Using spatial patterns of fluvial incision to constrain continental-scale uplift

Research output: Contribution to conferenceAbstract

Abstract

Rates of fluvial incision reconstructed for the last 11 Ma from the major E-W fluvial systems of the western margin of the Andes (18°00’S to 20°15’S) highlight the existence of 3 distinct sectors. In Sector 1 (the northernmost part of Chile) the fluvial systems are exoheiric with a terminal base level in the Pacific Ocean and span the Coastal Cordillera, Longitudinal Valley, Precordillera and edge of the Western Cordillera, constraining the uplift of this region to a minimum of ~200 m/Ma (11-7 Ma), 150 m/Ma (7-3 Ma) and 120 m/Ma (3-0 Ma). In Sector 2, to the immediate south, the rivers are shorter and terminate in the Longitudinal Valley, spanning only the Precordillera and part of the Western Cordillera with incision rates of 100-50 m/Ma (11-7 Ma) to 50 m/Ma (7-3 Ma and 3-0 Ma). In southernmost Sector 3 the fluvial systems terminate in the Longitudinal Valley, spanning only the western Precordillera with incision rates of 50 m/Ma (11-7 Ma), 30m/ma (7-3 Ma) and 25 m/Ma (3-0 Ma). Comparison of incision rates between Sectors 1 and 2 constrains the uplift of the Coastal Cordillera to 60m/Ma in keeping with previous studies from the region. Differences between Sectors 2 and 3 (25-50 m/Ma) are attributable to drainage loss by tectonic beheading of catchments by the uplift of the Cordillera de Domeyko fault system. The data suggest that a substantial amount of surface uplift has occurred over the last 11 Ma along the western edge of the Andes which is in agreement with rapid but sustained uplift of the Andes in the Late Miocene. The study highlights the value of regional assessments of fluvial incision for quantitying the impacts and timing of uplift on a continental scale.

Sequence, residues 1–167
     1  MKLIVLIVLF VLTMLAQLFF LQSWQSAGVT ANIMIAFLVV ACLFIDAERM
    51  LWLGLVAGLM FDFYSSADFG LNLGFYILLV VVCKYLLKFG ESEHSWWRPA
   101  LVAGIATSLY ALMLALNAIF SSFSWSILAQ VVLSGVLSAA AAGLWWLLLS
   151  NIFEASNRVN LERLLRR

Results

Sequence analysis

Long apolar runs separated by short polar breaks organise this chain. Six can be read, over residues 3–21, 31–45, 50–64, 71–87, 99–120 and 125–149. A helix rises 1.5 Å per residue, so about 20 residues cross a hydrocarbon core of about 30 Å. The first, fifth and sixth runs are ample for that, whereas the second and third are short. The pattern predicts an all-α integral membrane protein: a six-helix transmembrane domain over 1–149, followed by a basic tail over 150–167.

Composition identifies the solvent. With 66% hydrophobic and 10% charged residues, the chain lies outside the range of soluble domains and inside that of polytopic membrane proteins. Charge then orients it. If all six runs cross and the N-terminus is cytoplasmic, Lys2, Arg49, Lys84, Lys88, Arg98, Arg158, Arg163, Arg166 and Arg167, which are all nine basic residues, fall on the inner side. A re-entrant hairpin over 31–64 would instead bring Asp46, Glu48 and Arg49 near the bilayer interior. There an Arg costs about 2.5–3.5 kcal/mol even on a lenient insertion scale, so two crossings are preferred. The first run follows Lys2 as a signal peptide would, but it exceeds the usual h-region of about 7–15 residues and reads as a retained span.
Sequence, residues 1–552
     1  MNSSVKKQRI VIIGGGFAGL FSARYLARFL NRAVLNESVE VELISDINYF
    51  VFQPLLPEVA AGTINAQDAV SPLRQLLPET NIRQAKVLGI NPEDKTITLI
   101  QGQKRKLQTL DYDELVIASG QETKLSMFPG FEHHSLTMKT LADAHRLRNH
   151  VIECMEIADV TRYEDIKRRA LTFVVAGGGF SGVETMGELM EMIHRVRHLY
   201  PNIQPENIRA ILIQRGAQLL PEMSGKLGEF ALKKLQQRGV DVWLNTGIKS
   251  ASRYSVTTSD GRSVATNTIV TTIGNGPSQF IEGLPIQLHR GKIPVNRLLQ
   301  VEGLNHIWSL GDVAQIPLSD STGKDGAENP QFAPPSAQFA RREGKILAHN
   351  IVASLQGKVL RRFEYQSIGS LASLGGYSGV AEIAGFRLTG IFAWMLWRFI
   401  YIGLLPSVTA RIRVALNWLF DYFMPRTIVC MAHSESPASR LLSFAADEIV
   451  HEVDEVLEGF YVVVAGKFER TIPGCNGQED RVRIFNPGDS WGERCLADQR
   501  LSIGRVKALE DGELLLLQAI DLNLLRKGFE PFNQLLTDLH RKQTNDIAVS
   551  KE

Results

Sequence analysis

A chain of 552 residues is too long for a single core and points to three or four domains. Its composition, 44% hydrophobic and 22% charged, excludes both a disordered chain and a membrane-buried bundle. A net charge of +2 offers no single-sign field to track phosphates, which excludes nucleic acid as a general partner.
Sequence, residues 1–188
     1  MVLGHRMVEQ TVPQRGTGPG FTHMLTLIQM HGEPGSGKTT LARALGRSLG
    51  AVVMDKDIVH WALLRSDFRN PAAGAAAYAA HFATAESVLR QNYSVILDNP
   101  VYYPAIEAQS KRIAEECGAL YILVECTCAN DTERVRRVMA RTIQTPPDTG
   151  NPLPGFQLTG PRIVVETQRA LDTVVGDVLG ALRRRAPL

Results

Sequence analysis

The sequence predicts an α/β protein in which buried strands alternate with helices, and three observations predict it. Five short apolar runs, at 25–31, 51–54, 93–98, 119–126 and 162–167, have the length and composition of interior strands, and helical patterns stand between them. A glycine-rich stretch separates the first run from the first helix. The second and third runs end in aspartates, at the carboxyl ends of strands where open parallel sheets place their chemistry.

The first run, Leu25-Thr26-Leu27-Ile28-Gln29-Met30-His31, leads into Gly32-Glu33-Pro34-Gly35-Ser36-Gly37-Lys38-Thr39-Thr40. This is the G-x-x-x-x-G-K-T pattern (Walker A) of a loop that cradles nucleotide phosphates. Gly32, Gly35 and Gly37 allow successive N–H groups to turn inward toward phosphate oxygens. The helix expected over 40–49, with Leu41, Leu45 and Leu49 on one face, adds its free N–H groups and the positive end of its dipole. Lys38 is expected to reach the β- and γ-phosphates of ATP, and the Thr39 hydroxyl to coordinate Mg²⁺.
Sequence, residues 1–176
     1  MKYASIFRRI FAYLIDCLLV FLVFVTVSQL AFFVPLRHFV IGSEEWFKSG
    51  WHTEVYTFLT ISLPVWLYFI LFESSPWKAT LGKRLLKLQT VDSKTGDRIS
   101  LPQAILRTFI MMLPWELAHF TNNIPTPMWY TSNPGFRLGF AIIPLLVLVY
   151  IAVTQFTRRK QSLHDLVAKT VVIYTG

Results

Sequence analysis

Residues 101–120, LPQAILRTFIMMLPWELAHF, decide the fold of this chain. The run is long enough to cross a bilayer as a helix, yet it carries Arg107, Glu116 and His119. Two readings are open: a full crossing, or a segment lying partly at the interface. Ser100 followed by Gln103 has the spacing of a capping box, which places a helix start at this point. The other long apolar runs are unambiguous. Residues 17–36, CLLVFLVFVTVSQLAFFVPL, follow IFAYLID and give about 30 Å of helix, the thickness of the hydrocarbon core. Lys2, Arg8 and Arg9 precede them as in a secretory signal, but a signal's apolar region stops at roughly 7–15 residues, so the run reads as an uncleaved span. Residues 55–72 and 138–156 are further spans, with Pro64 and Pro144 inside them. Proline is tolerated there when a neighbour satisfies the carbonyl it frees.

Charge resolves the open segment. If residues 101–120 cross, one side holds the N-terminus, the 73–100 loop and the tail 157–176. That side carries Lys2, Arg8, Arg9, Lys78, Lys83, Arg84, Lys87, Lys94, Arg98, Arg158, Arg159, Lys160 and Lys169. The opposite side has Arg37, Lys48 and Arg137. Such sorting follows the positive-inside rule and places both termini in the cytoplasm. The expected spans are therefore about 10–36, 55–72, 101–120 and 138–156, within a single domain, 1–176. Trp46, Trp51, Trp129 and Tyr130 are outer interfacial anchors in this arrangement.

Original languageEnglish
Publication statusPublished - 2019
EventEGU General Assembly -
Duration: 1 Apr 2016 → …

Conference

ConferenceEGU General Assembly
Period1/04/16 → …

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